History Says Afghanistan Is as Good as It's Going to Get
This week marks the 40th anniversary of the Communist Revolution in Afghanistan.
This week marks the 40th anniversary of the Communist Revolution in Afghanistan, a series of incidents that most Americans have never heard of, let alone know anything about. Better known to scholars as the Saur Revolution, it led to the political overthrow of the Afghan government in 1978 and eventually led to the invasion by the Soviet Army in 1979.
This Soviet occupation was viewed by many Afghan men, and thousands of Muslim men around the world, as an assault against the Muslim way of life. It eventually led to the creation of a guerrilla-style resistance force focused solely on expelling the “infidels” out of the country. This mujahideen (meaning “those engaged in jihad”) force would eventually be supported by Ronald Reagan’s administration with money and resources, which led to the eventual withdrawal of the Soviet Army by 1989.
However, the removal of the Soviet forces and the U.S. foreign policy decision to take a hands-off approach to the region created a power vacuum in the war-torn state and many of the mujahideen fighters decided to continue their quest for power. A bloody civil war between a variety of forces took place, leading to the creation of the Taliban in 1994 and, eventually, to the events of 9/11.
This year marks the 17th of U.S. forces in Afghanistan and is officially our nation’s longest war. Unfortunately, Afghanistan is arguably as fractured as it has ever been and the Taliban continues to control vast swaths of territory. As we wrote last year, President Donald Trump and the Department of Defense needed to redefine the key objectives for Afghanistan. To date, nothing has substantially changed.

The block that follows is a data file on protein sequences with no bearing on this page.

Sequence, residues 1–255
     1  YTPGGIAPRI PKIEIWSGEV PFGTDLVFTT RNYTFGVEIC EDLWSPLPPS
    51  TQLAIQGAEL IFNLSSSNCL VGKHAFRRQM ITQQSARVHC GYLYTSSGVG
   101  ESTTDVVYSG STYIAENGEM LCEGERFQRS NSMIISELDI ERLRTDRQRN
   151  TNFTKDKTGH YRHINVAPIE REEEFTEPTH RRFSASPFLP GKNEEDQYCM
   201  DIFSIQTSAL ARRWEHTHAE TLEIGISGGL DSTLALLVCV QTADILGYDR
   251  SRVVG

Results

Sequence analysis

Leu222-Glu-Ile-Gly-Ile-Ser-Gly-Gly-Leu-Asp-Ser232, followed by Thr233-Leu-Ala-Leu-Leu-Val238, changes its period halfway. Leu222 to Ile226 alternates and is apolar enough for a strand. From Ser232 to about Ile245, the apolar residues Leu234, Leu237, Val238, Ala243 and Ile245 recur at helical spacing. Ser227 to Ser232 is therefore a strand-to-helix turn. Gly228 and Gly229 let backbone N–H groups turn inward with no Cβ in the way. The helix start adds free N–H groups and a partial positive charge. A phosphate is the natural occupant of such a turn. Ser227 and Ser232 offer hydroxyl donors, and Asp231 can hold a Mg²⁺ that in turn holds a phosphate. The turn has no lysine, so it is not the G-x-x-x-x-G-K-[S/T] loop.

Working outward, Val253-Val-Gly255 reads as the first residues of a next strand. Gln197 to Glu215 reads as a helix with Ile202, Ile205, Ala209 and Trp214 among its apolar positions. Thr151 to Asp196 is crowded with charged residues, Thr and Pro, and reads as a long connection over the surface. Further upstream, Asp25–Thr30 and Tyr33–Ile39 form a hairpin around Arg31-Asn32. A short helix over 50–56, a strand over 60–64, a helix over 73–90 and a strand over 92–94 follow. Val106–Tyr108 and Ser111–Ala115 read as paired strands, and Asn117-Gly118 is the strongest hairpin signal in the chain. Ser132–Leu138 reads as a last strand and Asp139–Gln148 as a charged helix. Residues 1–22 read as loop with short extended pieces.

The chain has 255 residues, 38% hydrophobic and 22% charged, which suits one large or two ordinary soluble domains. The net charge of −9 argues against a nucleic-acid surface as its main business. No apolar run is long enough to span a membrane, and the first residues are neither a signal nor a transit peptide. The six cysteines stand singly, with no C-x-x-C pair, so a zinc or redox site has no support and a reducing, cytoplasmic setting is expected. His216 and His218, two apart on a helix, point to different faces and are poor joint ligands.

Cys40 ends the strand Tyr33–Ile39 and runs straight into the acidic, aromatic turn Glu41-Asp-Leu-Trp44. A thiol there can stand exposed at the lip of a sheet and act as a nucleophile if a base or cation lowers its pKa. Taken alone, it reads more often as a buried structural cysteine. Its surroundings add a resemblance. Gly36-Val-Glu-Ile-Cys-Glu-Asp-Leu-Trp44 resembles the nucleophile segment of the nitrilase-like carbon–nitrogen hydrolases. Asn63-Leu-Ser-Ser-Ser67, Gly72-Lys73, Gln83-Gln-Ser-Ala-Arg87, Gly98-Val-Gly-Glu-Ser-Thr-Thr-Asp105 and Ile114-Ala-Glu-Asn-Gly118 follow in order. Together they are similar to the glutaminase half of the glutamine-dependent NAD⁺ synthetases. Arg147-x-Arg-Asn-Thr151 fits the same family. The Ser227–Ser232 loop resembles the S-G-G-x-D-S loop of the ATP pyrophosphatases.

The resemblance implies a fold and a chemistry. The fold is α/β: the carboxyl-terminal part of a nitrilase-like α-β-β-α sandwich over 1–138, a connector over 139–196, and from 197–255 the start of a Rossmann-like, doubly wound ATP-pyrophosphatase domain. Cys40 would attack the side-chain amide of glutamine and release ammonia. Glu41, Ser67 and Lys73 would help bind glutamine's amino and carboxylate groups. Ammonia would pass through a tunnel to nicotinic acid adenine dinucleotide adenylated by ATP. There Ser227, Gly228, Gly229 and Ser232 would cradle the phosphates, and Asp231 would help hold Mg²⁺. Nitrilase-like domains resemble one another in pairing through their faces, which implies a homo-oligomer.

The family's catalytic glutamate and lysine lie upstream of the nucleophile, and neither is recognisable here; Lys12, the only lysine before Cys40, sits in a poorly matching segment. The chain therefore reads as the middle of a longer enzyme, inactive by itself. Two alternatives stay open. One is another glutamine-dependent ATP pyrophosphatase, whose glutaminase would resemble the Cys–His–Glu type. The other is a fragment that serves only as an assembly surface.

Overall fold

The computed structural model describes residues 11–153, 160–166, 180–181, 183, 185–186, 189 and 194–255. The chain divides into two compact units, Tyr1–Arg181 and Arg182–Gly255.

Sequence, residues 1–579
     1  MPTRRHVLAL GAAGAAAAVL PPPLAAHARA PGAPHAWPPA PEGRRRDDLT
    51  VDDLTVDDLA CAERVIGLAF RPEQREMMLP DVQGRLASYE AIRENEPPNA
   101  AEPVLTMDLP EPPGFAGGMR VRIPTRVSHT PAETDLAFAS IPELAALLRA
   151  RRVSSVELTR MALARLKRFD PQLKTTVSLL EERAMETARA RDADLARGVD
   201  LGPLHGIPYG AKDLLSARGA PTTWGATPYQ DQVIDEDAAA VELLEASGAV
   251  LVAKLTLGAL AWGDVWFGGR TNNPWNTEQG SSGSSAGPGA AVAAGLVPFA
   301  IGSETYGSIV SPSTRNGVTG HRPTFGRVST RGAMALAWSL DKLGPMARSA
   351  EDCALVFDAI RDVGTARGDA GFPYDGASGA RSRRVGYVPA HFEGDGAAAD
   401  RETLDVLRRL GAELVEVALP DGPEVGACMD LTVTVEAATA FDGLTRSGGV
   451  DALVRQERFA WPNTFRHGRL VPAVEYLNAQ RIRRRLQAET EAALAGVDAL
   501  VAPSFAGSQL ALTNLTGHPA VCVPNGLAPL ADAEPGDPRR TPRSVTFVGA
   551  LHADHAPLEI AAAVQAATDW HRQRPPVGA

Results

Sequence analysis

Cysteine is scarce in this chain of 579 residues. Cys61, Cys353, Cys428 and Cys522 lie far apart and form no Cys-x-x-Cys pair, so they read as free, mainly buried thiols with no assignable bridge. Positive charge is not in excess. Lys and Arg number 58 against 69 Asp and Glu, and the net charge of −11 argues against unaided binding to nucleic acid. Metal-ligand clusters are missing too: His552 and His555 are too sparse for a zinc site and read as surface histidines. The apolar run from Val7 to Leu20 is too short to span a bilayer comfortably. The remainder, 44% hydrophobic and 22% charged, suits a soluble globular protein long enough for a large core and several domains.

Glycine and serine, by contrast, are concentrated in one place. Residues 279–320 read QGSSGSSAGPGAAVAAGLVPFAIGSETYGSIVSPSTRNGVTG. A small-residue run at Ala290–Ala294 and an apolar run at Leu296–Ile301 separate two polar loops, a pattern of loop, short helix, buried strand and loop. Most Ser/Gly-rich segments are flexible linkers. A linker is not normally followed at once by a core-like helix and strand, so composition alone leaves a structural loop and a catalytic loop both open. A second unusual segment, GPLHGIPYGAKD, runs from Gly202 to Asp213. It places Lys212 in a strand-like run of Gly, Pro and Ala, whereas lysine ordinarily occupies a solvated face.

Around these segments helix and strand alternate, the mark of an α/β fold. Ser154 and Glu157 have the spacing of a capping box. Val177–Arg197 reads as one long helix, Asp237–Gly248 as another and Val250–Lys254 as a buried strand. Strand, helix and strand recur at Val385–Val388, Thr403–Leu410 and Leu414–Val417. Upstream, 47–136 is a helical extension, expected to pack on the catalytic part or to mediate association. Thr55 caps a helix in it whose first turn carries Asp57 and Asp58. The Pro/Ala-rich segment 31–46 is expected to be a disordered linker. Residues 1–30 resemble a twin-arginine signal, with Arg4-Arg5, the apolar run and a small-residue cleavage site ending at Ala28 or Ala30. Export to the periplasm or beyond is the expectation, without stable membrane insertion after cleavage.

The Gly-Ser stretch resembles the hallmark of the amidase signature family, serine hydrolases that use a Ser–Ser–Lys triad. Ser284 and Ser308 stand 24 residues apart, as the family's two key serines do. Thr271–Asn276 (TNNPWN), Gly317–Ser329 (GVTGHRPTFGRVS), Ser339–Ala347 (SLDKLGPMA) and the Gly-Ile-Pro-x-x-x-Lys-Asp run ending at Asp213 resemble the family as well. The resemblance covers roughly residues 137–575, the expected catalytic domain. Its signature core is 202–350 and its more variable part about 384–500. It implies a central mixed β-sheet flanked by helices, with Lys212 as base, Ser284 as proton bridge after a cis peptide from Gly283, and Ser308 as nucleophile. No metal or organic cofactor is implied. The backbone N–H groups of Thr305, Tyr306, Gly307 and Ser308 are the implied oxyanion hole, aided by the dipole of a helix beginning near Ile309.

Earlier this year John Sopko, the special inspector general for the Afghan reconstruction, suggested the war is at a stalemate. The commanding general of U.S. Forces in Afghanistan, Gen. John Nicholson, has said that the ultimate objective is to bring stability to Afghanistan but concedes that there is no pure military solution for the problems that beset the country.
Which leads to a fundamental question. How long will the United States continue to expend blood and treasure in Afghanistan? As a former member of the NATO Training Mission-Afghanistan staff, this author understands the dynamic and multi-faceted challenges facing any foreign government hoping to effect change in that part of the world. However, the fraud, waste and abuse that permeates the ranks of the Afghan military and government has shown that it’s time for the U.S. government to tell the American people that the situation is about as good as it’s going to get.
The Islamic republic of Afghanistan exists in name only and the Pashtuns, Tajiks, Hazaras and Uzbeks that comprise the bulk of the population identify with their ethnic group rather than a nationalist identity. This dynamic has been in the making for hundreds of years and if the efforts of Alexander the Great, the Mongols, the British, and the Soviets has shown the world anything, it’s that the people of Afghanistan will do anything to ensure the survival of their families and their tribe.
The 40th anniversary of the Saur Revolution is a vivid reminder to United States policymakers and military commanders that great powers who try to dictate events in Afghanistan only end up losing in the end. The culture of the corruption, graft, fraud, waste and abuse that permeates the country is something that will never go away. Rather than trying to foist unreasonable scenarios to the American people it’s time for the President Trump and his team to admit that the Afghanistan campaign is never to going be won in a military sense, no matter how much money is spent. It’s time to change the strategy — and anything less than a total overhaul is just a waste of more precious American resources.